Remembering my dad
By John Pappalardo
We buried my father last week, surrounded by family and friends, a gathering of events public and private, full of memories, sadness and joy.
He was a quiet, remarkable man, gravely injured more than half a century ago in the Vietnam War, who defied all medical odds to build a wonderful marriage with my mom, raise two sons, and work a long successful career. He did this by personifying courage and integrity, refusing to see himself as inhibited or a lesser person because war had taken the use of his legs.
He and my mom gave me and my brother Mark so much, including our introduction to this place called Cape Cod.
In the early 1970s, I was that kid curled up in the back of a dark car, crossing over the bridge on a Friday night, sleeping in pajamas with snug footies, clutching the blankie.
We were coming from Connecticut. The Route 495 connection hadn’t been built yet, so we’d come through Bourne along old honky tonk Route 6. I’d wake up and see the water slide and think, “Oh good, we’re almost there.”
In the early years my family rented a cottage in Wellfleet for a couple of weeks. I remember Dad taking me to the pier where I caught my first fish. I was so excited and proud -- until a crusty old Wellfleetian came by and said something like, “That’s a dogfish, kid, it’s worthless, you might as well just throw it back.”
Talking about popping a kid’s balloon.
After awhile we took a rental in Orleans. I think it was because both of my parents were working longer hours so shaving 30 minutes off the trip made sense. My memories are of me and my dad making drip sand castles on Skaket Beach, and the way Cape Cod Bay would go way away over the flats at low tide. For a little guy, that was incredible. Still is.
In 1979, my parents bought a summer home in South Yarmouth. Part of the reason was that the beaches there were more easily accessible to my dad’s wheelchair. Those of you who know me know that I am a big person, always have been. My size helped me help my dad get to places long before the Disabilities Act; helping him physically was something I prided myself on being able to do, and made us closer.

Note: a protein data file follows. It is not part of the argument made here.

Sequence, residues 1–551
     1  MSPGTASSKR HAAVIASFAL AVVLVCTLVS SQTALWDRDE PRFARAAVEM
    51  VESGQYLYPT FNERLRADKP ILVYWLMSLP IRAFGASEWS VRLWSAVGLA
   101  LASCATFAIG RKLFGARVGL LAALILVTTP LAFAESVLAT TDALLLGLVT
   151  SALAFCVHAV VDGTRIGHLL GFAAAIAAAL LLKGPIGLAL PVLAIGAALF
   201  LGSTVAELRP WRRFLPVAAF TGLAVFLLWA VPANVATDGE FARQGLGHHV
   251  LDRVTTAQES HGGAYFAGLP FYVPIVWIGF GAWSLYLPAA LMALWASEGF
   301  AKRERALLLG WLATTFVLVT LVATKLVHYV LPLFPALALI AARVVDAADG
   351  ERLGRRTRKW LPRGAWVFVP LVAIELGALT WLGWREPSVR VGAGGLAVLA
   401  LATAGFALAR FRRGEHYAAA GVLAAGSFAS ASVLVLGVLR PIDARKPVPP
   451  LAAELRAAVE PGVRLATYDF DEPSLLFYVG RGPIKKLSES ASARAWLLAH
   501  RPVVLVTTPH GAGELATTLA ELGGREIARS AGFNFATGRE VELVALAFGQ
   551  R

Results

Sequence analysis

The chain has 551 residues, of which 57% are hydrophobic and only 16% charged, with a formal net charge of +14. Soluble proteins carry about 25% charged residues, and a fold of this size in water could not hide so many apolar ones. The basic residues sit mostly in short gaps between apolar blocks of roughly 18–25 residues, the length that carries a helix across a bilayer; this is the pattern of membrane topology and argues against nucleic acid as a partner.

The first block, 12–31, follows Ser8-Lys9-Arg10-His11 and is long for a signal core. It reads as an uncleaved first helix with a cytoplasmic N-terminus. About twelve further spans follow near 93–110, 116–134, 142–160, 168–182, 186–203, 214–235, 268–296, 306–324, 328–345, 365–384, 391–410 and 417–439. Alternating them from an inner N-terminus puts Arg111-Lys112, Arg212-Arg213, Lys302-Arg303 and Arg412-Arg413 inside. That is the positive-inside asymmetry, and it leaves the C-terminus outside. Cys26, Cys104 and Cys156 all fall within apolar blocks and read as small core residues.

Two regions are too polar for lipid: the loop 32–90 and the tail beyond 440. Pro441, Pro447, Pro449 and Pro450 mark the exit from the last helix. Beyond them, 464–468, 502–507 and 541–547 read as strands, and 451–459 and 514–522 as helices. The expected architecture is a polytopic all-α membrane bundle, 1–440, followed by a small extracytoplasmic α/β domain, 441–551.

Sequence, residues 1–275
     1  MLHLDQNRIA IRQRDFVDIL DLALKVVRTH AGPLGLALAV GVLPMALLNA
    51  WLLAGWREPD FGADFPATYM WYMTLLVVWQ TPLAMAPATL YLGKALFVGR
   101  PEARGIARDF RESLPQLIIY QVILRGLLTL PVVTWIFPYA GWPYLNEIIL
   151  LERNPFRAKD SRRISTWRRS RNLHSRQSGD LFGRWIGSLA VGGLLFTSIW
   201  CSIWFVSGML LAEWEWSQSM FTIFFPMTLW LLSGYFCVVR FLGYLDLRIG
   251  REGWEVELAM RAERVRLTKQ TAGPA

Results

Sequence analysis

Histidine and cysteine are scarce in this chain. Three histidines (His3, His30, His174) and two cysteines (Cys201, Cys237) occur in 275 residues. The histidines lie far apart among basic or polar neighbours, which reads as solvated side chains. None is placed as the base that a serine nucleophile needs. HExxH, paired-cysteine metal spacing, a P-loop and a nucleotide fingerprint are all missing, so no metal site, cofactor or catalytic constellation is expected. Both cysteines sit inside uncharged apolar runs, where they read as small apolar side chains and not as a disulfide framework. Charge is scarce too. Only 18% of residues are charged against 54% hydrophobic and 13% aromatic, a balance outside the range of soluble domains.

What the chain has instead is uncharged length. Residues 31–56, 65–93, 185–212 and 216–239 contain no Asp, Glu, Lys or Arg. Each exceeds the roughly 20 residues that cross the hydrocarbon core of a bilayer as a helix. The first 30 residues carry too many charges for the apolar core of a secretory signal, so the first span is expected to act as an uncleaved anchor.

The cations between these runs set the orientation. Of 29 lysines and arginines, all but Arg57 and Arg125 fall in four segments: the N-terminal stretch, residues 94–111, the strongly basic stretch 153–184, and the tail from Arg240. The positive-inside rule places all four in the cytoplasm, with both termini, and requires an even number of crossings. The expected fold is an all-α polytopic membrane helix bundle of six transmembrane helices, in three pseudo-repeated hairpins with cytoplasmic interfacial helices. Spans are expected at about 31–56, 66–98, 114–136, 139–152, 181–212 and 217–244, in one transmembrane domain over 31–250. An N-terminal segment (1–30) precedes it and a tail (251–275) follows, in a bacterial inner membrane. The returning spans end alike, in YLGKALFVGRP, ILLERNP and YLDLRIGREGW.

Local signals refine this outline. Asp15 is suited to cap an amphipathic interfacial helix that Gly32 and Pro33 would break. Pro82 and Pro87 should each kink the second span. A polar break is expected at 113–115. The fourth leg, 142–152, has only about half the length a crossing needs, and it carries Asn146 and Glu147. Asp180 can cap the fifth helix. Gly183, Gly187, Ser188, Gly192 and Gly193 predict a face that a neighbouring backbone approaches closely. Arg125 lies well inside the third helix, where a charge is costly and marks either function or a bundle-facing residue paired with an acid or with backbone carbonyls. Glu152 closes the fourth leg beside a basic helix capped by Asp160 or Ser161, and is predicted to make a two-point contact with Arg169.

When I turned 15, I decided I hated the Cape, wanted nothing to do with it. I had no friends here, I was only a summer person. I pretty much stayed away until 1994, when I graduated from college. So there was a gap of about 10 years.
Done with Seton Hall, I came back to chill. I landed a summer job at the Beachcomber, the iconic rock and roll club in a former Coast Guard station on the dunes in Wellfleet. Given my size, it isn’t a surprise that I became a bouncer. Then I was told they were looking for someone to run the raw bar.
“You know how to open shellfish?” someone asked.
“Sure,” I said. I had never shucked a clam in my life.
I stopped at Captain Elmer’s in Orleans, a fish market and restaurant named for Elmer Costa. I bought a bag of oysters and a bag of clams. The guys there gave me a quick lesson on how to open them, and I practiced that night. My hands were all nicked and sore when I showed up at work the next day, but I did it, I did it.
When that summer was done, everybody was telling me October was the best time, I had to stick around. Meanwhile, my parents were saying, “Ok, ok, bouncing and opening clams wasn’t why you went to college.”
I didn’t listen – to them.
I’d been to Chatham a few times mostly to surf cast and screw around. I liked it, and landed a job at the May Institute working with kids on the autism spectrum. I stayed there for more than a year. Again, my size worked to my advantage.
At a party one night I met Paul Parker, cousin of one of the guys I worked with. We talked late into the night, a lot of it about commercial fishing. The Cape Cod Commercial Hook Fishermen already existed, but the organization didn’t have formal non-profit status, a solid mission statement, or even a logo.
By August I was putting in 20 hours a week working on fisheries issues. Before long 20 hours became 60, sometimes more. “The Hook” evolved into the Commercial Fishermen’s Alliance, and my parents decided that Chatham was a good place for them too. In the years to come they would spend plenty of time at their second home just a few miles from me and Jenn, get to know my friends and my work, host many a Friday night cookout on the deck.
The place I hated as a teenager had become my home, the fishing world my inspiration. The kid in pajamas sleeping in the back of the car figured something out, and built a great life here.
I know my dad was very proud of me, and my mom still is, even if you might say that sometimes what I do isn’t all that far from bouncing and shucking clams. But whatever I’ve taken on, whatever challenges have come, he has always been my role model, my ballast. And he always will be.
(John Pappalardo is CEO of the Cape Cod Commercial Fishermen’s Alliance)